A thought-provoking new study has for the first time presented an empirical comparison between male serial killers and female serial killers. The compelling sex differences in behaviors and crimes have been framed through a lens of evolutionary psychology, suggesting our hunter-gatherer history has manifested in the differences between male and female serial killers.
Female serial killers are inarguably rare, but they do exist. Despite the potentially apocryphal story of famous FBI profiler Roy Hazelwood claiming "there are no female serial killers," it is thought that around 15 percent of all serial murderers are women. In fact, one academic suggests the very first serial killer ever chronicled in history was a woman named Locusta, a notorious serial killer/assassin active in Rome two thousand years ago and infamous for her skill with poisons.
Marissa Harrison, a psychology professor at Pennsylvania State University, never considered how little literature there was on the topic of female serial killers until approached by a curious undergraduate student in 2014. Harrison's subsequent work was to initially document the means, motives and histories of female serial killers, primarily in the United States over the past 200 years.
Her most recent study, conducted with Penn State colleague Adam Jordan Gott and Albright College's Susan Hughes, looked to specifically compare matched data from female and male serial killers and then frame those differences though an evolutionary psychological perspective.
"Historically, men hunted animals as prey and women gathered nearby resources, like grains and plants, for food," says Harrison. "As an evolutionary psychologist, I wondered if something left over from these old roles could be affecting how male and female serial killers choose their victims."
Archival data was collected on 55 male and 55 female serial killers who committed their crimes in the United States between 1856 and 2009. In this study a serial killer's crimes were defined as the "premeditated, intentional killing of three or more victims, with a cooling-off period between killings of at least one week."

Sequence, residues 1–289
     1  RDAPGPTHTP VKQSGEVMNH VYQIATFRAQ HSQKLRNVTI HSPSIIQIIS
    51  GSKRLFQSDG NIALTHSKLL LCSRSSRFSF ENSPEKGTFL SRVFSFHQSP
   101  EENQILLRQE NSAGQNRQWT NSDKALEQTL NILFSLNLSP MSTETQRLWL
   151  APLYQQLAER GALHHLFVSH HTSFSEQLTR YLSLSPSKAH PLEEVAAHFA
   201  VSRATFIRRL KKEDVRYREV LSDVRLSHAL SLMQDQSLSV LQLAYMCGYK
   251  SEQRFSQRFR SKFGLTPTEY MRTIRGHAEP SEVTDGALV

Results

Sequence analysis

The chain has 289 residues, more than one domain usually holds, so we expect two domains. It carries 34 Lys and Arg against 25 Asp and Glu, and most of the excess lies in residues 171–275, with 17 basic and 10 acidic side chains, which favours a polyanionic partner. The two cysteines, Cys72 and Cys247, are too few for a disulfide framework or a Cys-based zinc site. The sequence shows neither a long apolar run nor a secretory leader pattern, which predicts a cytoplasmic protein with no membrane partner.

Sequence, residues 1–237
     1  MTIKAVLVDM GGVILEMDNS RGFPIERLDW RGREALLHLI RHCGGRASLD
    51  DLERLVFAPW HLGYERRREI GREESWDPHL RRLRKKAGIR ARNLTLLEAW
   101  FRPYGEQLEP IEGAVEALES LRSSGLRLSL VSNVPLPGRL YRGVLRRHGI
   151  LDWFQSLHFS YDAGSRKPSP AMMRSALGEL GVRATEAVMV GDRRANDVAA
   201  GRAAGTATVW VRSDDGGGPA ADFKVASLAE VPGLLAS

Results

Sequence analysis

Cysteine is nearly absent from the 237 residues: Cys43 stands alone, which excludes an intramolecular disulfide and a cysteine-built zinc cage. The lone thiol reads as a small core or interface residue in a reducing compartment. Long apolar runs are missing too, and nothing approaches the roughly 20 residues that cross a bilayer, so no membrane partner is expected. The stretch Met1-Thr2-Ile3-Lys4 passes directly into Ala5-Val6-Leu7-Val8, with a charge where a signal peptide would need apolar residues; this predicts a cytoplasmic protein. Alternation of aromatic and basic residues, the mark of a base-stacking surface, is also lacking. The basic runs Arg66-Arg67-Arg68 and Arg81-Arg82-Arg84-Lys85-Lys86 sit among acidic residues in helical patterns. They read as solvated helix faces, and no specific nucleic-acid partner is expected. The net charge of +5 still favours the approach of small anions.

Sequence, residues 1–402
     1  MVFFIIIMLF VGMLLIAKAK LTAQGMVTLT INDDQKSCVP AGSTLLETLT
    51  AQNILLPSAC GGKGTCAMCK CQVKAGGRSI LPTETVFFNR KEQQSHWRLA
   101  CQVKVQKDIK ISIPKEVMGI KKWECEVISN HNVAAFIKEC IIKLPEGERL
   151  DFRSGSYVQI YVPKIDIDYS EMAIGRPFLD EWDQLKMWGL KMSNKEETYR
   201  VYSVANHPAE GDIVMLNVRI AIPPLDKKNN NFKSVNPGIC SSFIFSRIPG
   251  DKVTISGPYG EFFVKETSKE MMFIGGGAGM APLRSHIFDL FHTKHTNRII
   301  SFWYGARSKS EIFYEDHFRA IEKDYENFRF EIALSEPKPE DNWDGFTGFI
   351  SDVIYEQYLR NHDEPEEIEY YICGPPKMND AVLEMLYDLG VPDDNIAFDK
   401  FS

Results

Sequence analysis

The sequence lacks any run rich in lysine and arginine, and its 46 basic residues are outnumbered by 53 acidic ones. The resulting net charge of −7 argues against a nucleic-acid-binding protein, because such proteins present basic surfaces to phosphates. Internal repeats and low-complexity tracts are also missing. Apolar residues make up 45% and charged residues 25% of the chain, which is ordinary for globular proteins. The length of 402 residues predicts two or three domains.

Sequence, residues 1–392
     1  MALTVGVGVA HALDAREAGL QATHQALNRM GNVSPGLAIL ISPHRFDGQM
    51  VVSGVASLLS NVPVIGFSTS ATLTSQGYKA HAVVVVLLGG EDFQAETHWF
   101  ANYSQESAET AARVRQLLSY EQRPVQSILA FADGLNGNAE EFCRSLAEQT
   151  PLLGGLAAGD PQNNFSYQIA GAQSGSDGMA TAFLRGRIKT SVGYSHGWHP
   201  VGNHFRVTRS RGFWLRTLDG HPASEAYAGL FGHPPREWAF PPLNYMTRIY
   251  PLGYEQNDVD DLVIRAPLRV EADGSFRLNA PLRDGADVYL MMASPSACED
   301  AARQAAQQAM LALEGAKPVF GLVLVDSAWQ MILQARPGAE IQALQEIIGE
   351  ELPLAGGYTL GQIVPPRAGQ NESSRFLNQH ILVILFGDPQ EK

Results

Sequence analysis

The core sex differences between male and female serial killers were fascinatingly stark. The majority of female serial killers came from middle or upper class backgrounds and were college-educated, while the majority of male serial killers were less educated and from lower class backgrounds. The method of killing also dramatically differed between the sexes, with nearly half of the women using poisoning to murder their victims, while men preferred asphyxiation or shooting.
But perhaps the biggest sex difference between the two serial killer groups appeared to be in the victims that were chosen. A stunning 90 percent of female serial killer victims were someone familiar to the killer, whereas men were much more likely to target strangers. In fact, 85 percent of male serial killer victims were strangers compared to less than 15 percent of female serial killer victims. Furthering the hunter-gatherer thesis distinction, 65 percent of male serial killers were found to stalk their victims before murder, while only 3 percent of female killers did the same.
"In our sample, there were two female serial killers who engaged in stalking-like behavior during their crimes," suggests Harrison. "Interestingly, reports indicate that men were also involved in those crimes."
While the hunter-gatherer perspective on sex differences between serial killers may feel a little simplistic or reductive, it certainly offers an intriguing frame to view many of these empirical distinctions identified in the study. For example, the researchers note that female serial killers were three times more likely to be motivated by financial gain compared to male killers. It is suggested in the study that this is, "in line with the "gatherer" hypothesis, female serial killers seem to be gathering resources as a result of their killings."
On the other hand, male serial killers are 10 times more likely to have a sexual motivation underpinning their crimes. The researchers hypothesize this to be a kind of "aberrant form of mate-seeking." Of course, killing your mate certainly puts a hold on the passing on of genes, however, it is argued that this fundamental tendency towards sexual predation is an evolutionary characteristic.
Harrison is quick to note these psychological profiles are not prescriptive, or intended to suggest a person is born to commit crimes in a specific way, but it is hoped these conclusions could help investigators in the future better target time and resources in their hunt for criminals.
"Evolution doesn't mean you're predetermined to do certain things or act a certain way," says Harrison. "It means that it may be possible to make predictions about behavior based on our evolutionary past. In this case, I do believe that these behaviors are reminiscent of sex-specific behaviors or assignments in the ancestral environment. And perhaps we can understand this better through an evolutionary lens."
The new study was published in the journal Evolutionary Behavioral Sciences.
Source: Penn State News
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